# Loop thru the subdirectories for each database
Get-ChildItem | Foreach-Object {
    if ($_.PSIsContainer) {

        # Set the prefix for the S3 key
        $keyPrefix = "sql-server-backups/" + $_.name

        # Switch to database subdirectory
        Set-Location $_.name;

At this point we've moved into the backup directory and are looping into each database subdirectory. We set the $keyPrefix variable to the name of the folder we created in S3 plus the name of the databases subfolder. Next we get the name of the newest backup file of the type specified for this run. This script is run immediately after the backup task in the Maintenance plan so we want to grab the file that was just created

        # Get the newest file in the list
        $backupName = Get-ChildItem $backuptype | Sort-Object -Property LastAccessTime | Select-Object -Last 1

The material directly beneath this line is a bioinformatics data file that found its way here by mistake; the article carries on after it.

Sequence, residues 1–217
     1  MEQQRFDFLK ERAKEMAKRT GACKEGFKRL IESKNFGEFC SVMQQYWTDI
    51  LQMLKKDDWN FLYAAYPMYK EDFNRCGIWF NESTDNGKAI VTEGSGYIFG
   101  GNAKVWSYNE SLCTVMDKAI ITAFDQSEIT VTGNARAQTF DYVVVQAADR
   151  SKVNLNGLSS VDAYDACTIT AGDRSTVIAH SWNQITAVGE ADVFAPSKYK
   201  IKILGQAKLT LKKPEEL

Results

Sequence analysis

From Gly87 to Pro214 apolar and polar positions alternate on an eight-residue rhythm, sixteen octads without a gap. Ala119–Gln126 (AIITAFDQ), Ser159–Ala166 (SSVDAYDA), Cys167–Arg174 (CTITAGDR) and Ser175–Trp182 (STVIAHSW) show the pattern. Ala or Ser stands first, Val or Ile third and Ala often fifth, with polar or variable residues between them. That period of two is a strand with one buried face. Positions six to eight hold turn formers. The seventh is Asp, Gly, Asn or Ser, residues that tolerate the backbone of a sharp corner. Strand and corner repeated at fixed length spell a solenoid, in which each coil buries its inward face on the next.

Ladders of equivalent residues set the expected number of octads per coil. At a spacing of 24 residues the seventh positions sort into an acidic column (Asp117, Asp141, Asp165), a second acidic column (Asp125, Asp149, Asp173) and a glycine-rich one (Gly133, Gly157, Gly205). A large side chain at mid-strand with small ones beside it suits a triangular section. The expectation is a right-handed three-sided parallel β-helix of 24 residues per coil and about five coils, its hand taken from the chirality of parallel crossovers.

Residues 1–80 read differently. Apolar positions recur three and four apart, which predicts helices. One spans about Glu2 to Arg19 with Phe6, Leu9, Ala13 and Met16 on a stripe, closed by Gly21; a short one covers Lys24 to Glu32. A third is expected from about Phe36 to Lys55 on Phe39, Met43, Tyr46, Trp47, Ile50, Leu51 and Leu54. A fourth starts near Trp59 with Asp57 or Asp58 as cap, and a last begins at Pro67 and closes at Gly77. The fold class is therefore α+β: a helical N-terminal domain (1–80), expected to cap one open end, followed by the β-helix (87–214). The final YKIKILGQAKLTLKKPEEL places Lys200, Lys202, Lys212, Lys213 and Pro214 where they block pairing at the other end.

S3 is not a file system, it stores objects as a key/value pair. For all intents and purposes it looks like a file system, but it is important to know the difference. The file is saved as an object with a key, then retrieved using the same key (which looks very much like a filename and directory, but isn't really).

        # build the S3 Key
        $s3Keyname = $keyPrefix + "/" + $backupName.Name

Finally we write the file out to S3. We specify the bucket name to be used, the key (or filename) to be used in S3, the local filename to be uploaded, and the encryption to be used. In this tip were using server side encryption so the file will be encrypted at rest by Amazon using their keys. There is a client side encryption option as well which would require us to set up our own key management system, but give us more control over who has access to the files. With server side encryption the files are encrypted, but anyone with credentials to access the S3 bucket can still retrieve an unencrypted copy.

        # Copy the file out to Amazon S3 storage